The next two months will see crucial Summits with strategic partners. The more we are able to establish a common agenda with a clearly defined European interest, the more we will achieve. For example, I see huge potential in developing a transatlantic agenda for growth and jobs.
Where we are already punching our weight is the G20, the forum where the key economic global players address common challenges. When President Van Rompuy and I go to Seoul in November and represent the European Union, we want to see concrete results:
Further progress in global economic coordination.
More stable and responsible financial markets and agreement on reform of international financial institutions.
More effective global financial safety nets.
More progress on a G20 development agenda.
We will continue to show leadership in this forum and work closely with the French G8/G20 Presidency next year.
We also want to see support for the Doha Round. Trade boosts growth and prosperity. We will also pursue bilateral and regional Free Trade Agreements. In October, the Commission will present a renewed trade policy to drive new benefits for Europe.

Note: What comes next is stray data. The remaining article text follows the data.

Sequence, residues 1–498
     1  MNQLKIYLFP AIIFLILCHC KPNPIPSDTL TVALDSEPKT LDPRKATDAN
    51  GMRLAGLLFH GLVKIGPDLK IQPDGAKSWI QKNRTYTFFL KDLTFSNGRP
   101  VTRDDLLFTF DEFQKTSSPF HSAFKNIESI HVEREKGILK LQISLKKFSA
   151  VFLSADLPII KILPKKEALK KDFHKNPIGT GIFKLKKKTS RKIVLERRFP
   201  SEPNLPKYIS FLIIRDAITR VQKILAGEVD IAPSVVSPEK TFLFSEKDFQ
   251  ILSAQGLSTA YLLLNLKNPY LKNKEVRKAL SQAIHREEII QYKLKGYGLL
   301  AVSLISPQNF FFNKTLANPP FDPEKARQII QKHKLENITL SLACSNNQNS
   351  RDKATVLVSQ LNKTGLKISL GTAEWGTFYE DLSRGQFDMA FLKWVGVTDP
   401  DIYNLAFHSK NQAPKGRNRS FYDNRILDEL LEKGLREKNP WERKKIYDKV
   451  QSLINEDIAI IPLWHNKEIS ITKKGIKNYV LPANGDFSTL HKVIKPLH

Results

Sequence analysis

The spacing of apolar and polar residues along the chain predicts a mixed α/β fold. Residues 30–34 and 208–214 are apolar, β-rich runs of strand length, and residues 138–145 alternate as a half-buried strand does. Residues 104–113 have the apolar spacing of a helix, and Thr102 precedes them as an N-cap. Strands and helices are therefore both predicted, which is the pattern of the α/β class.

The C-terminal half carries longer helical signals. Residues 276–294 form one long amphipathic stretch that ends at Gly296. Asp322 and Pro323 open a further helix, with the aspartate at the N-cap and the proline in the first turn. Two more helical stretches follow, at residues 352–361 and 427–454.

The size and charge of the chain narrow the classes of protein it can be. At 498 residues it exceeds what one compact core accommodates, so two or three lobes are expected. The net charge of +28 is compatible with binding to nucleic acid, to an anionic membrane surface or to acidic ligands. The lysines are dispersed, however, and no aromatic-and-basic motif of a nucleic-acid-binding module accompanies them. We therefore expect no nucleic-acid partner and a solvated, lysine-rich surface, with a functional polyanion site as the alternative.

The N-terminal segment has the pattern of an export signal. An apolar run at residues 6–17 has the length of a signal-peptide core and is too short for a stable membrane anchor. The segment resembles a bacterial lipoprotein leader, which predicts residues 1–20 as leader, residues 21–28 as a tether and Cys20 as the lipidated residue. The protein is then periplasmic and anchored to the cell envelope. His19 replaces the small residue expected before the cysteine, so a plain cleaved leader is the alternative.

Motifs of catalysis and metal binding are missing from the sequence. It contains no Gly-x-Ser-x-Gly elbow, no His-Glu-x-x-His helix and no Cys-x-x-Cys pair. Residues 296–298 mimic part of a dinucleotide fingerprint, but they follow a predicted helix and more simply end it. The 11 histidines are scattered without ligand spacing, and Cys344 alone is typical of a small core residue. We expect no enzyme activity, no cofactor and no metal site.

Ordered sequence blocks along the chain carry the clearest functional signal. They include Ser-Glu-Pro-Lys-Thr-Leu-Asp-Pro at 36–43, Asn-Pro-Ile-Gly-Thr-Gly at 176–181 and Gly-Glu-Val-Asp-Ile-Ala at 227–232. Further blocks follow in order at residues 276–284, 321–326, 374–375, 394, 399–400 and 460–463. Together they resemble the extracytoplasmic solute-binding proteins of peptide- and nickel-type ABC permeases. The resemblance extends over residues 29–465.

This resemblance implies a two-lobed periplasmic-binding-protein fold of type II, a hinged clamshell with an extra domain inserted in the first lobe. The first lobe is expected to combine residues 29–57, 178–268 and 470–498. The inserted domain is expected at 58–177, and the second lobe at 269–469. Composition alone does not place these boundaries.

Being open to the world also means standing side by side with developing countries, especially with Africa. When I go to the Millennium Development Goals High-Level Event in New York in 2 weeks' time, I intend to commit, with your support and on behalf of the European Union, an extra €1 billion to the Millennium Development Goals.
Being a global player also means standing up for our values. Human rights are not negotiable. I am shocked about how the rights of women are being infringed in many countries. I am appalled when I hear that Sakineh Mohammadi Ashtiani is sentenced to death by stoning. This is barbaric beyond words. In Europe we condemn such acts which have no justification under any moral or religious code.
Our values also mean that we must come to the aid of those facing a crisis situation, anywhere around the world.
Our humanitarian aid to Pakistan is the latest example of Europe's solidarity in action. It is a striking example of the need to present the different contributions of the Commission and the Member States as a truly European aid package. The Member States have the helicopters; they have the civil protection teams. We now need to pool them to create a real European crisis response capacity. This is what the Commission will propose in October. And I urge the Member States to show they are serious about the Union punching its weight in this area.